Stop scrolling, start talking

Have you noticed what happens when families go out to eat these days?

Everyone is sitting at the table, but there’s barely any chatter. Each person is swiping and tapping on their smartphone, waiting for the food to arrive. When the food arrives, the camera eats first, with the internet invited to the meal.

This scene captures the irony of social media. While it connects us to a vast world of information, memes, and influencers we will never meet, it often yanks us away from the people right in front of us.

Digital engagement has taken over face-to-face conversation. Instead of meaningful talk, we send brief tweets and short texts. No wonder we sometimes feel there is not much to talk about.

When we do chat, it is often sparked by something we saw on TikTok or Instagram, shared without much thought.

Massachusetts Institute of Technology (MIT) psychologist Sherry Turkle, author of “Alone Together”, made some sharp observations about this shift.

She wrote in The New York Times of “how people used to walk with their heads up, taking in the scenery, chatting with each other. Now, everyone’s head is down, typing away, even when surrounded by friends and family”.

Limiting children’s screen time

Turkle’s words from over a decade ago still resonate today, especially when you think about how social media can affect kids’ mental growth.

Emma Duerden, a neuroscientist at Western University in Canada, has found that too much screen time can lead to what she calls “negative internalising behaviours” in children.

It basically means your kid could start playing up - like a Homer Simpson D’oh meme brought to life.

This isn’t just a concern in Canada. It concerns Malaysian parents too.

Back to the restaurant scene - it’s becoming common to rely on screens to keep a cranky kid with a short attention span occupied. It’s like deploying a “digital nanny” to the dinner table.

So, what’s a parent to do? How can parents balance screen time with encouraging real interactions? If the kids don’t have their devices at the dinner table, is there something better they could be doing? Read the menu?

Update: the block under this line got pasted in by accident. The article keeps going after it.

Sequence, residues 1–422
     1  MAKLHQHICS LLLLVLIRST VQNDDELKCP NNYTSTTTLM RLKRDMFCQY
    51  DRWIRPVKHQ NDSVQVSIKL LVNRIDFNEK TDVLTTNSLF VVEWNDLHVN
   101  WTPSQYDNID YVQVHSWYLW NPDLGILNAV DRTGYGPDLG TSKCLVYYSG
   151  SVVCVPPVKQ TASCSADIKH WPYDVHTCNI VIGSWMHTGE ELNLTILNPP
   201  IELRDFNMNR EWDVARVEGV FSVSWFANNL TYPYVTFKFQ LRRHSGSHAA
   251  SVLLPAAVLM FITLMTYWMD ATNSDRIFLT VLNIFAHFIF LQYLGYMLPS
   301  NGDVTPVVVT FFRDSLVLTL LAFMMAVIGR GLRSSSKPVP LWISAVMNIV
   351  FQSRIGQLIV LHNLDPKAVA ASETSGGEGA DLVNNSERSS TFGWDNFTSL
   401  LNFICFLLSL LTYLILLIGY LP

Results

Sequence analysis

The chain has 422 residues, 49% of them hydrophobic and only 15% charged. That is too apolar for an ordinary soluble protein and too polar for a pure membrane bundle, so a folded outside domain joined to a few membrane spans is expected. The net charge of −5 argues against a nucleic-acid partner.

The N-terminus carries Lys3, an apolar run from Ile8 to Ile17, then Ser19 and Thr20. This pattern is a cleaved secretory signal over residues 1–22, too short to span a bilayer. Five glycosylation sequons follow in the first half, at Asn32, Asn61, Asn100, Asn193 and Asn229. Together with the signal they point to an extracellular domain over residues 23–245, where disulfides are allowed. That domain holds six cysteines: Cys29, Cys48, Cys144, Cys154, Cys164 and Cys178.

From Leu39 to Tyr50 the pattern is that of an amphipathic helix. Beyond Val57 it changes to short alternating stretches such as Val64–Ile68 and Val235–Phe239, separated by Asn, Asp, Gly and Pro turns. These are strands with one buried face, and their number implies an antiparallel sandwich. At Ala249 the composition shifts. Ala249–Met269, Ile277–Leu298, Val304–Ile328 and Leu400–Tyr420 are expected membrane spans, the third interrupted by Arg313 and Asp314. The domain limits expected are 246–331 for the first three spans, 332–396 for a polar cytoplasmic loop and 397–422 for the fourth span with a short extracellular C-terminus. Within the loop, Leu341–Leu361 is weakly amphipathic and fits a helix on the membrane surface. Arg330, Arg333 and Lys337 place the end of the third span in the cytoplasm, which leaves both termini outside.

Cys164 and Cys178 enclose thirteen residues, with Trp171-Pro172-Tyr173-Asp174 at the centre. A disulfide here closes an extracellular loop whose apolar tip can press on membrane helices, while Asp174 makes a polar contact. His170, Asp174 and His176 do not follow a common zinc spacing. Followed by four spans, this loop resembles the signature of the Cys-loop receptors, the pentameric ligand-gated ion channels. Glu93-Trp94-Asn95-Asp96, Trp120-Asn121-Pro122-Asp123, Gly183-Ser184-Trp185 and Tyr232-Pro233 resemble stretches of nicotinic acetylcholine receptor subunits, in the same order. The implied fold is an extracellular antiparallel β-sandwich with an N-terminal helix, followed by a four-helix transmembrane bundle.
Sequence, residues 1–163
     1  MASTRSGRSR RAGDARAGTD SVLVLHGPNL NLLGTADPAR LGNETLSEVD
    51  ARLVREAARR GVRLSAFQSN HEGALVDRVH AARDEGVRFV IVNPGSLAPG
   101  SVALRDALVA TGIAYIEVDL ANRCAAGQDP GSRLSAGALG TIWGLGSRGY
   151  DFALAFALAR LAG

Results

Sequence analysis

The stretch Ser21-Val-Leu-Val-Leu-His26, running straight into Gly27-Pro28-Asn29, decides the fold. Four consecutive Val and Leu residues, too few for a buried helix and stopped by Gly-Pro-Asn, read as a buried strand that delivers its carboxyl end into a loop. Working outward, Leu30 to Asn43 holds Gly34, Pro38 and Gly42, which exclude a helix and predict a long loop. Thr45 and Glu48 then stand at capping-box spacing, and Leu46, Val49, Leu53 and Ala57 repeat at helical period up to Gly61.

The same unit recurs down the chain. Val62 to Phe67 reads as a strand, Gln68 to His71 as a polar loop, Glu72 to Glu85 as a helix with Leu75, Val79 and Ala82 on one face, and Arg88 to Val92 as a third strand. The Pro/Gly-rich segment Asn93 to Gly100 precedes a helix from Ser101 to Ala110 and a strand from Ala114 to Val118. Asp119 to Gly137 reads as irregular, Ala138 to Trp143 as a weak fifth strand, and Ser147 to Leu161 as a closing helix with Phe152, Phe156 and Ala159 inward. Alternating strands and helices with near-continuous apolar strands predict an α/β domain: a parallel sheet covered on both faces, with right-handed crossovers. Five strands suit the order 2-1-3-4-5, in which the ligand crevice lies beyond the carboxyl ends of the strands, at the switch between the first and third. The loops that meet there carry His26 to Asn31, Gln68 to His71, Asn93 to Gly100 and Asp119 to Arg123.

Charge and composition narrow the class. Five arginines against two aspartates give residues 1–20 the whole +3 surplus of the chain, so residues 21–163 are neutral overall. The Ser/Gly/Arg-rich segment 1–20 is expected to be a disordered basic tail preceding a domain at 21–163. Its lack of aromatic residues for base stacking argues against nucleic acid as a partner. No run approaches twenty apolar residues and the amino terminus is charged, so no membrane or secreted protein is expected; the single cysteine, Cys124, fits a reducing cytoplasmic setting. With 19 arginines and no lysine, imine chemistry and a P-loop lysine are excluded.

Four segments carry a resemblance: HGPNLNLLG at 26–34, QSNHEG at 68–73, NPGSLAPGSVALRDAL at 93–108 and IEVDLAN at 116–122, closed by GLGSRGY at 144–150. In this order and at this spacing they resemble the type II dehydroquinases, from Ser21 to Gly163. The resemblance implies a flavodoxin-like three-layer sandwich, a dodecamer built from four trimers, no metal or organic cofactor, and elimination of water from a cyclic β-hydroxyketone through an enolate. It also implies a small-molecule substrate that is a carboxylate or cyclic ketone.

In the US, there’s considerable research on how too much social media can affect young people’s mental health. These insights are relevant globally, including for families in Malaysia.

The US Surgeon General’s 2023 report gave some straightforward advice:

1. For parents and caregivers: Create tech-free zones at home to encourage in-person connections. Teach kids about being responsible online and model good behaviour. If you see something problematic online, report it.

2. For children and teenagers: Develop healthy online habits like limiting social media time, blocking unwanted content, being careful with personal info and reporting harassment or seeking help if needed.

Australia is also stepping in to protect kids from the lure of endless scrolling and mindless clicking. Following the case of a Melbourne teenager caught for manipulating artificial intelligence (AI) to create and share lewd images of his female classmates, the government is considering banning social media accounts for kids under 16.

But is this even possible when AI and the internet are so embedded in what we do?

Meta (the company behind Facebook, Instagram and WhatsApp) is already using data from Australian social media accounts to train its new generative AI models.

Information is not knowledge

While a total ban might seem challenging given our digital lives, it underscores the need for parents to be aware of their own screen habits and the impact on their kids.

The internet isn’t going anywhere. Our screen time will probably keep climbing and we’ll continue checking our notifications - yes, even at the dinner table.

Sure, the internet has certainly made us more informed and, in some ways, more knowledgeable. However, it has also made us dependent, even addicted, to social media where we constantly share our lives and follow others.

Some wise folks - all dead now - from before the internet era had things to say about this.

Albert Einstein reminded us that “information is not knowledge”. Frank Zappa, an American musician, added that “knowledge is not wisdom, and wisdom is not truth”. John Naisbitt, author of “Megatrends”, observed that we are “drowning in information but starved for knowledge”.

Yes, we’ve gained a lot from the internet, but we might also lose some things.

For instance, the easy access to information online can reduce our memory retention. The immediacy of the internet can make us less patient. Constant notifications can distract us from deep thinking. Over-reliance on GPS can weaken our natural navigation skills.

So, what can parents do to balance the benefits and drawbacks of social media?

Experts from the American Psychological Association, the Raising Children Network Australia, Connect Safely and Unicef Australia have plenty of advice.

Let’s start with something simple. Next time you’re at the dinner table, put down the phone. Start a conversation. You might find it surprisingly enjoyable to connect with the person sitting next to you. No Wi-Fi is needed. - Mkini

ERIC LOO is a former journalist and educator in Australia and a journalism trainer in parts of Asia.

The views expressed here are those of the author/contributor and do not necessarily represent the views of MMKtT.

Stop scrolling, start talking